Acceleration of permeability barrier recovery by exposure of skin to 10-30 kHz sound

Research output: Contribution to journalArticle

8 Citations (Scopus)

Abstract

Background Previous reports show that ultrasound can influence human brain electrical activity and systemic hormone levels in various parts of the body, other than the ear, so there may be an unknown ultrasound-responsive system in humans. Objectives In the present study, we examined the effects of sound on skin permeability barrier homeostasis. Methods We broke the skin barrier of hairless mice by tape stripping, and then exposed the skin to sound for 1 h to evaluate the effect on barrier recovery rate. Results Exposure of skin to sound at frequencies of 10, 20 and 30 kHz for 1 h accelerated barrier recovery, and 20 kHz sound induced the fastest recovery. Application of 5 kHz sound had no effect on barrier recovery rate. Significant acceleration was observed even when the sound source was located 3 cm away from the skin surface. The recovery rate depended on the sound pressure. An electron-microscopic study indicated that lamellar body secretion between stratum corneum and stratum granulosum was increased by exposure to sound at 20 kHz. Conclusions These results suggest that epidermal keratinocytes might be influenced by ultrasound in a manner that results in modulation of epidermal permeability barrier homeostasis.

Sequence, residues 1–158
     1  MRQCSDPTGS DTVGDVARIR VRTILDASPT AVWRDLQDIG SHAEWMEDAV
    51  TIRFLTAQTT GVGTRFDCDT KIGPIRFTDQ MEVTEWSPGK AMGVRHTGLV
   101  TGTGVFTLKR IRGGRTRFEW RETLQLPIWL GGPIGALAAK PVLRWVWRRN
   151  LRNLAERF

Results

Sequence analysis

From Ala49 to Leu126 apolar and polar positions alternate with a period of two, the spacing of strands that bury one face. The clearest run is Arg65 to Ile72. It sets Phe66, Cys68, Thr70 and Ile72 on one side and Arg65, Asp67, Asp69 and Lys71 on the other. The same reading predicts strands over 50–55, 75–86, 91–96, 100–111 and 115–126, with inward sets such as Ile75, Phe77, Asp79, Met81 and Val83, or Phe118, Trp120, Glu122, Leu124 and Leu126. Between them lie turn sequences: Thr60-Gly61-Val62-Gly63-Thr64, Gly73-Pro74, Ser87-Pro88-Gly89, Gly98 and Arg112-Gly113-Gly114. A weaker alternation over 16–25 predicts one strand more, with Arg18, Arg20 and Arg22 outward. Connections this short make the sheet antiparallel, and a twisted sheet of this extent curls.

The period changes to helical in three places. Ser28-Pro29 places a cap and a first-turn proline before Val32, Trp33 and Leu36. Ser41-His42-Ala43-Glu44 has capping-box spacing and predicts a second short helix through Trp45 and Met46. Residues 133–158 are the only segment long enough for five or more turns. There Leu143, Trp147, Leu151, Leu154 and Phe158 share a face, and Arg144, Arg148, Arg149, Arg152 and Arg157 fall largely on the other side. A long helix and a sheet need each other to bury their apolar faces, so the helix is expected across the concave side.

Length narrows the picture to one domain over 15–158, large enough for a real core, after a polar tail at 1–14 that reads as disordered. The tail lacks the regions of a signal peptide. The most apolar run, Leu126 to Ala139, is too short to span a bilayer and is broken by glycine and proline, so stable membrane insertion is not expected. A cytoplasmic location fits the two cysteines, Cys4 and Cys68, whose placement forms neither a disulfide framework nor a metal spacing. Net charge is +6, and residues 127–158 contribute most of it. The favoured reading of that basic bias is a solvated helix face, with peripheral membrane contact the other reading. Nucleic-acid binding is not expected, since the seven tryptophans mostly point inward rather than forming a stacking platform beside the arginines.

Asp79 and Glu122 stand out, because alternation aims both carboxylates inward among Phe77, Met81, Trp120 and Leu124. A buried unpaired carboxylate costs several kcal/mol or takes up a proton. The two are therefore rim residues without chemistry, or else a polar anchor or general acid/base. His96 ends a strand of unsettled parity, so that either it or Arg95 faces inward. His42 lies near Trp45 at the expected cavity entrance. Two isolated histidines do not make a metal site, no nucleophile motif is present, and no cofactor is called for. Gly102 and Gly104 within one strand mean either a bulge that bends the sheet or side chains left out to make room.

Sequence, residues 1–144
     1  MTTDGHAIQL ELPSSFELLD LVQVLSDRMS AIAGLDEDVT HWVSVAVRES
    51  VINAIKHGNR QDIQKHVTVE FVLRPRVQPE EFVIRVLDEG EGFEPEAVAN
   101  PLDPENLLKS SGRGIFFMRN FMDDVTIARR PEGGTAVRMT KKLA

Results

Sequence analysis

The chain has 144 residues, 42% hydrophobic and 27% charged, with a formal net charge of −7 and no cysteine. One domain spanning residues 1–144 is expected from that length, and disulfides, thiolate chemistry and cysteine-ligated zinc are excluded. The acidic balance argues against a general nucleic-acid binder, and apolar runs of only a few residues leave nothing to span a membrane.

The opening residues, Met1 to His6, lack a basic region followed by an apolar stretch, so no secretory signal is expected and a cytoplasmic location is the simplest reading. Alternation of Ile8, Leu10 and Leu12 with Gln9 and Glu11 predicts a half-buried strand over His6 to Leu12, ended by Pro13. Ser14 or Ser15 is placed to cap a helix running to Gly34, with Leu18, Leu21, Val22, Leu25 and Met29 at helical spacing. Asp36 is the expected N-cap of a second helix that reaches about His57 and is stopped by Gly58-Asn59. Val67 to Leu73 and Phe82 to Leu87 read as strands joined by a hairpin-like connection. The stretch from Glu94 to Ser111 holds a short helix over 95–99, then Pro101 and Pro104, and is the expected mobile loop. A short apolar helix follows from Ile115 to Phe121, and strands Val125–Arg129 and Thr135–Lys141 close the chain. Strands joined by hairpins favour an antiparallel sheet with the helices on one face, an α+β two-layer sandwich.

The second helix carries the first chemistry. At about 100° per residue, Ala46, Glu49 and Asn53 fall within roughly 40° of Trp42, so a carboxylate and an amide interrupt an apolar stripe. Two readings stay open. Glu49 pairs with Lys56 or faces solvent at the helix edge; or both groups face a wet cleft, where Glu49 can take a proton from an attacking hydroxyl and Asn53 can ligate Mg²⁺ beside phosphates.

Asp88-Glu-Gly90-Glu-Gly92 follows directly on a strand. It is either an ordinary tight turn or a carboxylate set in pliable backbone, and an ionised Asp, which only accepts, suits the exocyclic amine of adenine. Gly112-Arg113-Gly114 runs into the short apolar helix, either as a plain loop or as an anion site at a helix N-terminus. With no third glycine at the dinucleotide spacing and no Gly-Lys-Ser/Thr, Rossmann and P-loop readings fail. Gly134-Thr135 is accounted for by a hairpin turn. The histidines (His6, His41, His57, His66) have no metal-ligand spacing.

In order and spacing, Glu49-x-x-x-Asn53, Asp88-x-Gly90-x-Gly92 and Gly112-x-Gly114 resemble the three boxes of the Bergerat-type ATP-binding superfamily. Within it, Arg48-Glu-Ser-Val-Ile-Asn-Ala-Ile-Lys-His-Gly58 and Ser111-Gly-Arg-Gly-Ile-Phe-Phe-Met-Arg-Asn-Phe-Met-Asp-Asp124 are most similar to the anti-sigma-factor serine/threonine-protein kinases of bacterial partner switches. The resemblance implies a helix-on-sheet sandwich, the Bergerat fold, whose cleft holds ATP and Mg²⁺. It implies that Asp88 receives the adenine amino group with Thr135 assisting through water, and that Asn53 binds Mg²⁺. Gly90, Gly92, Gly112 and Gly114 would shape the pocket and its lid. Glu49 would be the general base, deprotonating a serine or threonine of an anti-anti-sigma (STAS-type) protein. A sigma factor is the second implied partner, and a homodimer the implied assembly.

Original languageEnglish
Pages (from-to)503-507
Number of pages5
JournalBritish Journal of Dermatology
Volume162
Issue number3
DOIs
Publication statusPublished - 2010
Externally publishedYes

Fingerprint

Permeability
Skin
Homeostasis
Hairless Mouse
Keratinocytes
Human Body
Cornea
Ear
Hormones
Electrons
Pressure
Brain

Keywords

  • Acoustic
  • Epidermis
  • Keratinocyte
  • Stratum corneum

ASJC Scopus subject areas

  • Dermatology
  • Medicine(all)

Cite this

Acceleration of permeability barrier recovery by exposure of skin to 10-30 kHz sound. / Denda, M.; Nakatani, Masashi.

In: British Journal of Dermatology, Vol. 162, No. 3, 2010, p. 503-507.

Research output: Contribution to journalArticle

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